Instead, a metric shitton of people rocked out to a truly inspired set. Shadow explained that he'd warned festival organizers that his visualizers would be wasted at the early hour; the sun was still too bright to see anything.
He greeted the crowd and then disappeared, causing not a few to verbalize their dismay that he wasn't visible and ask just where exactly he was. There's a damn planet on the stage, and we're all looking around, thumbs practically in mouths, wondering "Durr, which way did he go?" The Jumbotron was curiously black for the first twenty or so minutes, until the white sphere spun around to reveal Josh Davis (CK), to the rapturous delight of all those present. The Jumbotron snapped on at the same time, and we were treated to extra-large close-ups of the man, determinedly punching buttons, scratching the decks, and generally, as the kids would say, killin' it. Live beatmaking is a beautiful sight to behold, but bass that you can feel in your hair follicles, vibrating off the shirt next to you is priceless. It felt like a dozen brontosauruses were high-stomping a few feet away.
"You can't see shit, can you?" He asked, not a little frustrated about the visualizer situation. "Trust me, it would have been really fresh." Still, he played for a solid hour, dropping Pharcyde's "Passin' Me By," Weezy's "A Milli" sped up so much it sounded like Lil Tunechi and the Chipmunks, and of course, "Organ Donor," which was sick. Granted, a lot of his set was likely too esoteric for the wider Pitchfork audience, but had he closed out the festival, it would have been a dance party to tell your grandkids about. Well, it kind of was anyway. Dude's brilliant.
8:29pm: I had planned on catching the first half of Shadow and then heading over to the Blue stage for Zola Jesus, but I just couldn't leave the bass. I caught her last three song though, and she was in fine form, prowling across the stage in a gray satin confection that almost looked couture. The crowd was a little thin by the time I got there, but she seemed genuinely in a good mood. Though "Manifest Destiny" has been her go-to closer for a while now, she played that second to last, and opted for new single "Vessel" to finish the set. I got a little giddy when she picked up two shiny drumsticks and started gesticulating with them, and even more giddy when she added to the scorching industrial din by beating electronic drum pads into submission. "No words," she said before taking her leave.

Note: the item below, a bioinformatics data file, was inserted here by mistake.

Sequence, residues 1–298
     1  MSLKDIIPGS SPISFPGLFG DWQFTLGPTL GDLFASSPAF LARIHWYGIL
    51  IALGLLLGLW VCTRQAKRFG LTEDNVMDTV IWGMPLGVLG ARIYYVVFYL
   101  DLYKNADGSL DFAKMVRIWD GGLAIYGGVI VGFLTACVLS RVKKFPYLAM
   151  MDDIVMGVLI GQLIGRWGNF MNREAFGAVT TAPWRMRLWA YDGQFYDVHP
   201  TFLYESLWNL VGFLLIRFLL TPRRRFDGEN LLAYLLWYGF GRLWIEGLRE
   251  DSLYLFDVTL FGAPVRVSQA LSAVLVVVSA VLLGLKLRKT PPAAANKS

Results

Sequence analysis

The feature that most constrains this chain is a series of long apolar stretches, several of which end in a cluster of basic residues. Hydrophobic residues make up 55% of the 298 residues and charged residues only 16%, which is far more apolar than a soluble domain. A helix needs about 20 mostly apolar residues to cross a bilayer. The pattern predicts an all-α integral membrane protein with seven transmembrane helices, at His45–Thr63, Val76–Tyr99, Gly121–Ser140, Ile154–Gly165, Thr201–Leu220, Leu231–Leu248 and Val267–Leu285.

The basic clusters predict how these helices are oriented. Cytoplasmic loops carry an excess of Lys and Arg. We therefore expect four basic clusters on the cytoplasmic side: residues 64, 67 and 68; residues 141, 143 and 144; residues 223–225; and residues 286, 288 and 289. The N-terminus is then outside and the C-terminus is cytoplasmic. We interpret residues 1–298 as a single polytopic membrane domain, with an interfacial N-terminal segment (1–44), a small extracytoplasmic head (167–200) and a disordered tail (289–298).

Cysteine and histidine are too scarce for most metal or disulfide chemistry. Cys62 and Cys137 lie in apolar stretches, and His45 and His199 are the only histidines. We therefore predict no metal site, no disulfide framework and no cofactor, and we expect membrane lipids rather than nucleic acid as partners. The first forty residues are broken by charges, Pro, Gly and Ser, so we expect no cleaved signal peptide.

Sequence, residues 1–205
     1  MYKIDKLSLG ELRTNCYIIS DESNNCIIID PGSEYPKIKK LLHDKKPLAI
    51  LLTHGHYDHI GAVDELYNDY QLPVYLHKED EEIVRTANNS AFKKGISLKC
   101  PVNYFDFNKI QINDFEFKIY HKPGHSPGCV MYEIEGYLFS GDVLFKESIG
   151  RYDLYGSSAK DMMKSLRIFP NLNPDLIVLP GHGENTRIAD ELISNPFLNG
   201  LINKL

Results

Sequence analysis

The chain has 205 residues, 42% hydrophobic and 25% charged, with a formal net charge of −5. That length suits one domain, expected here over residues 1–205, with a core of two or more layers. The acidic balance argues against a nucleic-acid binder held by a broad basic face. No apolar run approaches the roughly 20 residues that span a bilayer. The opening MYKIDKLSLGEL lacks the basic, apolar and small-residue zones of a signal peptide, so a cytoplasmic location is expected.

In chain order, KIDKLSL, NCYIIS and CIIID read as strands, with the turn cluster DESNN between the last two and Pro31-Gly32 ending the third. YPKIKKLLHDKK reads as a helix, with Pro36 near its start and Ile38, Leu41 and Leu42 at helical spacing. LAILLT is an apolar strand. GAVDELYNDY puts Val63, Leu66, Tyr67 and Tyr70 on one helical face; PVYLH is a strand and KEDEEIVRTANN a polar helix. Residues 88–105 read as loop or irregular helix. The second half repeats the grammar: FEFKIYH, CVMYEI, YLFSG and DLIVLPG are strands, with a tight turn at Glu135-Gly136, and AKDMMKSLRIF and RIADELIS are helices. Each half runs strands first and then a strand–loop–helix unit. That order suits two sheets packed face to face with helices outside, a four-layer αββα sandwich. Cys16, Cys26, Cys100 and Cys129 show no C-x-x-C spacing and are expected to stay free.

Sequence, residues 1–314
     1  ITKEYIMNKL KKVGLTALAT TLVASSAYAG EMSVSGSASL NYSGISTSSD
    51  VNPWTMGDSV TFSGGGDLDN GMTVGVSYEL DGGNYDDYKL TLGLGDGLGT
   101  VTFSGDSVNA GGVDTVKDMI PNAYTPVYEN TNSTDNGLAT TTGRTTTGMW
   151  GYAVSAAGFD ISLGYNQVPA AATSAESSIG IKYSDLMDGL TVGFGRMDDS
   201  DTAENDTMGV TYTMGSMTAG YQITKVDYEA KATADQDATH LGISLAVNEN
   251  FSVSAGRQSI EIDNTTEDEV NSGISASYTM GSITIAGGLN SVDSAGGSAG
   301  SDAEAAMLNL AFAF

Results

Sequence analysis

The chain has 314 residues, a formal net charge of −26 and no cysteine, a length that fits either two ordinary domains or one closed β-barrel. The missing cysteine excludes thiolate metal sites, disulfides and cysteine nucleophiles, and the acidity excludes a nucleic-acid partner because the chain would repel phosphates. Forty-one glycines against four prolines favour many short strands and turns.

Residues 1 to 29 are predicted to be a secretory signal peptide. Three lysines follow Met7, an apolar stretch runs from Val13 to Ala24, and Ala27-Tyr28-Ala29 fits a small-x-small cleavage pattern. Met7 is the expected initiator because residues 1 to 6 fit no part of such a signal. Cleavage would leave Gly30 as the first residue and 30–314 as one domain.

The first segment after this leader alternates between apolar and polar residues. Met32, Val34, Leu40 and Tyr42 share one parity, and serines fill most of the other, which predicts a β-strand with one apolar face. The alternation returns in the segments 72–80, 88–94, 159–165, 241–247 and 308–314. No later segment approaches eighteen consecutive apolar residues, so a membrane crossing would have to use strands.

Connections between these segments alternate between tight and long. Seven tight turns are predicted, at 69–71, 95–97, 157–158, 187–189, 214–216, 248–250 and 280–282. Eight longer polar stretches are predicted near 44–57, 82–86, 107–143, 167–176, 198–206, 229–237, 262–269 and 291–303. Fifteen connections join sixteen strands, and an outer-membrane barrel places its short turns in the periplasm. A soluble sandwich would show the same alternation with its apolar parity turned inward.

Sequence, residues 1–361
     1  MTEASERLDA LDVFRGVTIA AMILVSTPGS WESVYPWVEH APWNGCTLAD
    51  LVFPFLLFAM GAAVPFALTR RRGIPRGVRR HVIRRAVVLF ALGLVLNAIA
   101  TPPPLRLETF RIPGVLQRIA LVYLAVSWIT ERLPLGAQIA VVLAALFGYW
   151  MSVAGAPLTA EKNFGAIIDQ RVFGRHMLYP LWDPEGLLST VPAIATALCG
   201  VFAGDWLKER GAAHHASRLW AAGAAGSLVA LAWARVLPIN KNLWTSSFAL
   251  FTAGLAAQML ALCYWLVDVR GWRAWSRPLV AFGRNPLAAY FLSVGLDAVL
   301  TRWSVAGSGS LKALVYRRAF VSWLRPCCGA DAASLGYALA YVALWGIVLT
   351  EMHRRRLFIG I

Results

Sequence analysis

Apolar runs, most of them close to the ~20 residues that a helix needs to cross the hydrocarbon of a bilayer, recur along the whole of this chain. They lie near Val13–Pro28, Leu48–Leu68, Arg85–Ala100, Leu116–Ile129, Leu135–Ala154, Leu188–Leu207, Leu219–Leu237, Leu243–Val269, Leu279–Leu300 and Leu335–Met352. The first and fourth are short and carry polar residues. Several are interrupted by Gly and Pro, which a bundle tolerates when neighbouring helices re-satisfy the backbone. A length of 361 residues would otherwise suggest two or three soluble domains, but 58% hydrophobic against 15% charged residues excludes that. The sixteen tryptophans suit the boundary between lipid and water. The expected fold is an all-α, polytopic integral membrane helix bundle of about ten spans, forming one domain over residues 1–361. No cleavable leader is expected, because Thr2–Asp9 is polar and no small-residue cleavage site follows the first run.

8:44 p.m. I'm a fair-weather Fleet Foxes fan, and I expected to feel the same way about the Seattlites that I did Thurston Moore and Neko Case -- that the music is just too intimate for the great outdoors. Boy, was I wrong. Fleet Foxes were as pleasant as the balmy breeze cleansing Union Park. I found them surprisingly compelling; they didn't just recreate the albums on stage, there were instrumental red herrings, songs glided imperceptibly into one another, and getting lost in the lush harmonies for a solid hour was definitely one of the best parts of the festival so far. In interviews, principal songwriter and lead singer Robin Pecknold sounds about as confident as Woody Allen and Larry David's love child, and he appeared truly humbled by the massive, exuberant crowd. "Thank you guys so much for being so fucking awesome. I was really nervous about this, but I think it's going alright." Before the end, he proclaimed Pitchfork the "best festival, no bull" and said they'd be back. Naturally, they played some of the best tracks from Helplessness Blues, but peppered in enough of the old favorites; "White Winter Hymnal," "Mykonos," "Tiger Mountain Peasant Song," "Blue Ridge Mountains." Restrained where they needed to be and swelling to blissful crescendos when warranted, it was a solid cap to Day Two. Though I really wanted someone, anyone, to yell "Play 'Horse with No Name'!"